Given the size of the engagement, I do feel having a dedicated release manager would have helped a great deal.
Moving away from process related aspects I would also want to talk about the technical aspects of the deployment –
4. Size of the deployment package: After successfully having in place all the components required for deployment, the next problem we faced was that of the package size – Our deployment was failing due to the size of the deployment package! Who would’ve thought!!!
We could not push all the changes to the test org in one single go. When the package size exceeded 15 MB*, we started facing problems in the deployment. From Salesforce professional services team, we received guidelines on how we could split the deployment into meaningful groups**. Below is a sample on what was shared.
GROUP 1: StaticResource, GlobalValueSet, CustomLabels, Role, NamedCredential, PlatformCachePartition, ContentAsset, Group, ConnectedApp, CustomPermission, IframeWhiteListUrlSettings, NotificationTypeConfig, CustomNotificationType, RemoteSiteSetting, ReportFolder, EmailFolder, DocumentFolder, DashboardFolder, StandardValueSet
GROUP 2: PathAssistant, CustomObject, Queue, DuplicateRule, MatchingRule, CustomTab, ApprovalProcess, AppMenu, Layout, CustomMetadata, CustomApplication, Workflow, MatchingRules, ApexClass, AuraDefinitionBundle, LightningComponentBundle, ApexPage, HomePageLayout, FlexiPage, Flow, QuickAction, ApexTrigger, Dashboard, Report, EmailTemplate, ReportType
GROUP 3: Profile, PermissionSet, PermissionSetGroup ( CustomSite, Network, ExperienceBundle — these three can be in set 2 or 3 depending on the size )
* This is not a hard limit. After initial deployment is completed, we could push deployment packages of size 17 MB without any issues. It could be because of space available on the DevOps machine at that point of time. Nonetheless breaking down the deployment package into smaller groups is a good practice to be followed and tested during your dev and test deployments before planning for production deployment.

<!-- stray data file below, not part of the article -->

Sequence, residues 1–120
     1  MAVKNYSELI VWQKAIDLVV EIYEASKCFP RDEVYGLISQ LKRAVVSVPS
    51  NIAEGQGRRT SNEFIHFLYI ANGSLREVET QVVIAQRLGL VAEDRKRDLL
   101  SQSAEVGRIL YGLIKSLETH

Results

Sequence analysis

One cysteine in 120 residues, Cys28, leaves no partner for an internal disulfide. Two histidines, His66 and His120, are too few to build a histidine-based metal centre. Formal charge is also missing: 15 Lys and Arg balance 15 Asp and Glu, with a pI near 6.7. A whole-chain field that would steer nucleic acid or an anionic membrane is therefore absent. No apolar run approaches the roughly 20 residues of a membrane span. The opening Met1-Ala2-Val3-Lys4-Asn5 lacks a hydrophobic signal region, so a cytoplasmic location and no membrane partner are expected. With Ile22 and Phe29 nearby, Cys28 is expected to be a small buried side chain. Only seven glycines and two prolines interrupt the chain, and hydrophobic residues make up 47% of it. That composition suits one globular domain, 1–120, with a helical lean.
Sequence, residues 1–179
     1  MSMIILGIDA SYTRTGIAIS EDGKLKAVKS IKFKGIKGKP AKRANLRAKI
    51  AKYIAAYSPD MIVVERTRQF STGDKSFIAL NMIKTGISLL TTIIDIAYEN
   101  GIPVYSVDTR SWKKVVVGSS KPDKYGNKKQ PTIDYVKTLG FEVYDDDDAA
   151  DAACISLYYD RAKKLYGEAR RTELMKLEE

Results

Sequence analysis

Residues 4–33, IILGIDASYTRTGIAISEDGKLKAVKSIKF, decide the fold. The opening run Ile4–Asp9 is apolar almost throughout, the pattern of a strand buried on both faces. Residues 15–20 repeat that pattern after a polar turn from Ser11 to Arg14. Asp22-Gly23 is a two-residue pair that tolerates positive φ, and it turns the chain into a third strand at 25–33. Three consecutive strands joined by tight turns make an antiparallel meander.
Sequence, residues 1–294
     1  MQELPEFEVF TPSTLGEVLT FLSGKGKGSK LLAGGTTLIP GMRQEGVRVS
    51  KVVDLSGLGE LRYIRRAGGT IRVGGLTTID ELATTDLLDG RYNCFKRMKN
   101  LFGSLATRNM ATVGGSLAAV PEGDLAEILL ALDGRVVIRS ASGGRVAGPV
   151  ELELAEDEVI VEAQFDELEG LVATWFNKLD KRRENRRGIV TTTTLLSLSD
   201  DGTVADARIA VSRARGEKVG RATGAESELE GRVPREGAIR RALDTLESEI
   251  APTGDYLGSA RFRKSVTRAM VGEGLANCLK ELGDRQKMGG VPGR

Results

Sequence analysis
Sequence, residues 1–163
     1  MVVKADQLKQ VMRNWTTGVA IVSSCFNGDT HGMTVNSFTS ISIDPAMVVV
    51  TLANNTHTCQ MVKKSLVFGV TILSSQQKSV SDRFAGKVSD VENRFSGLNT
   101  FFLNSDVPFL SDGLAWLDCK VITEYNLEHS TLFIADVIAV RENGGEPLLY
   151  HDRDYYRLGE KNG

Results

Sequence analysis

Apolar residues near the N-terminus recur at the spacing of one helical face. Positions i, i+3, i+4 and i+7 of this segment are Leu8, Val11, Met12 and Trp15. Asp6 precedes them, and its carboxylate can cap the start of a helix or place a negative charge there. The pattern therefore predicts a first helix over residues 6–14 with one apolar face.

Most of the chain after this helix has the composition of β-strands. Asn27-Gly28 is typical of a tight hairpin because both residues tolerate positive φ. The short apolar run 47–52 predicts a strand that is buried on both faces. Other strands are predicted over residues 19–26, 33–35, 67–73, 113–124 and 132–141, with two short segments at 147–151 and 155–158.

** Note that this is not an exhaustive list, but only an indication to give an idea of how groups can be formed. Depending on the size of the customizations made, in a project one may need to break down these groups into further smaller groups.
5. Unit testing with right profiles: Post all the hustling and bustling with all the challenges thrown, it was time to do a sanity test. Just before handing over the environment for SIT, team was taken aback by yet another surprise. Several flows were not working because of permission issues!!
It was later understood that team members developed and tested everything as Salesforce Administrator and never really looked at other personas/profiles and what permissions they would need to execute the business flow end to end.
While this may appear as something very basic and obvious to have considered all personas – more than a handful senior developers/tech leads actually called out that development teams only test using ‘Admin’ profiles. I was as shocked as you may be but took it as learning for future.
Last but not the least beyond the core issues, there should have been an accurate pre and post deployment activities tracker which is and always extremely important (also executed multiple times for test deployments). Test coverage for Apex classes upfront during the build phase could also have been a scenario considered in this list for smooth production deployment.
- Define and familiarize teams with Source Control Strategy and check in/out processes upfront in the project. Ensure each one has access to the right set of tools from the very start.
- Don’t ever assume that teams function as per the processes defined; Processes must be enforced at each level, at all times.
- Split your deployment package into manageable smaller groups.
- Don’t forget to test from all personas and not just from the admin.
And of course, from time to time, sure do a quick check on people with processes!!
Wondering what the duration actually was to deploy? – 5 full weeks!!!